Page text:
Why is listening so hard?

Recently I had several great conversations with a new colleague.

Yet, on reflection, I believe that I talked way too much about myself. It wasn’t just that I answered the great questions she asked (she was quite curious and a very attentive listener). It was those times I now recall when I brought that conversation from a focus on her, back to focusing on myself, my version of experiences and my world.

What?!  What happened to my self-management, curiosity and listening skills?  Where did they go?

I run a lot of communication skills training as part of coach training, emotional intelligence courses and leadership development programmes. Listening is one of the first skills I introduce, and it’s one of the most essential (and perhaps complex) skills we can learn. It’s really not easy sometimes.

And, clearly, I need to keep working at it. Even after 25+ years of being aware of listening!

4 reasons why listening is hard

Let’s consider memory, habits, attention capacity and our brain’s constant quest for dopamine.

  • The brain is always looking for opportunities to grab some dopamine which we can get when we talk about things WE are interested in. We can also get dopamine from a sense of belonging, and many of us believe that if we share one of our own experiences similar to an experience we just heard from someone else, then we create a sense of connection with them. This isn’t always true, but it’s a strong belief, nevertheless.

    Another very common way we get dopamine is by problem-solving for others or wanting to help others. Once we hear someone share something that sounds like a problem, our inner-problem-solver gets to work figuring out a solution and we’ll want to share our brilliant idea.
  • Our experience of the world is coloured by our memories, our values and our emotions. We are attracted to things that we care about and that we also have experience with. Because of those, before we know it, we can be thinking about our own version of events and go off and running with one of our own experiences that relates to theirs. We somehow think this memory sharing creates empathy when it really just stops our ability to listen. Maybe they didn’t even finish what they were saying!
  • Habits also drive a lot of our behaviours. Some people have a habit of sharing of themselves, for whatever reason. If that’s the habit, then it’s likely to open the door to self-sharing rather than just listening.
  • Our attention is also an important factor. We have very narrow attention spans, compared to the amount of information available to us at a given moment. If our attention is drawn to our inner experiences, thoughts, memories or even worries, we won’t have the capacity to pay attention to what the other person is saying.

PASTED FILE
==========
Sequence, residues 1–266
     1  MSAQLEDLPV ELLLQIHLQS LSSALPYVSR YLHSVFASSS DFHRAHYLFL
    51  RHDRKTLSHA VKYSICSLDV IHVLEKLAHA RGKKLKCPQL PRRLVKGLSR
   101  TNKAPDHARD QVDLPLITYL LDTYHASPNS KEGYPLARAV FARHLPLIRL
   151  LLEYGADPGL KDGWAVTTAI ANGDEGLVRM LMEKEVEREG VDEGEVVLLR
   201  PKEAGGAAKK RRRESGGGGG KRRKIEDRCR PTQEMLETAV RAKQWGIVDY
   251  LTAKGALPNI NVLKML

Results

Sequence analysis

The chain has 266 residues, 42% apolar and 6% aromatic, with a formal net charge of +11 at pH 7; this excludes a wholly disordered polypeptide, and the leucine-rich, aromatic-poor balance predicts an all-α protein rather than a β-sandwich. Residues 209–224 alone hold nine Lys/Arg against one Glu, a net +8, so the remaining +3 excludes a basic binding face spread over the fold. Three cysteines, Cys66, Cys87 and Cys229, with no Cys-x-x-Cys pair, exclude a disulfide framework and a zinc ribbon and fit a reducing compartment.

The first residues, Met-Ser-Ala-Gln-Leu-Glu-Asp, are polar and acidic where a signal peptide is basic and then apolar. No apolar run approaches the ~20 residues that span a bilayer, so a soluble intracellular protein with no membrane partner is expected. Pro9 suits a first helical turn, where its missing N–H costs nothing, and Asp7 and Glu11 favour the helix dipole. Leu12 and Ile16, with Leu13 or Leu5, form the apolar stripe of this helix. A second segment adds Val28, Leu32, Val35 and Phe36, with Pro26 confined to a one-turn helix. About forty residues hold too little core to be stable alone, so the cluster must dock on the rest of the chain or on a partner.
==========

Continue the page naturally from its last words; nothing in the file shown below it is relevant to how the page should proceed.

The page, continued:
We do have the capacity to manage our habits and tendencies that disrupt true listening. But when we are tired, stressed, worried, nervous, passionate about something, suffering from pain or otherwise distracted, self-management is harder and then listening is harder.

Almost any job or career we can think of and all of our relationships will benefit from us being able to listen.

Here are some tips to being a great listener

  • Notice your impulse to problem-solve – and instead of jumping in with a solution, wait for later and then ask permission if they need your problem-solving help (they probably don’t).
  • Notice your impulse to share your own version of their experience. Your experiences that feel similar are different. Just notice those and let them go.
  • Notice where your attention is drawn – just because it’s drawn there doesn’t mean that you must follow where it points.
  • Keep track of your conversational habits – do you end up talking about yourself, do you ask the same questions, do you let your attention wander? 

Then train yourself: Instead of letting your brain drag your attention around, try to:

  • Discipline your attention to stay over there on the other person.
  • Develop curiosity about their world and their experience of events – what is important to them?
  • Let them know you are listening, by briefly reflecting back some of what you heard and asking a relevant question or two about their experience.

In my case, with my new colleague, my old brain was attempting to create connection by sharing information about me that seemed similar to her experience. I know that doesn’t work, but it didn’t stop that impulse. Since that experience, I’ve been extra aware of that impulse – which seems to be there way too often! I can happily say that in some more recent conversations, I have had a chance to modify these impulses and simply/deeply listen to others. It’s not hard, it just needs a bit of discipline. And it’s been so satisfying!

Coaches Going Corporate

Coaches Going Corporate

Listening is an essential skill as a coach. Coaches Going Corporate deepens your ability to listen and helps you guide your listening so you can stop your problem-solving tendency and instead deeply focus on the human being you are coaching.

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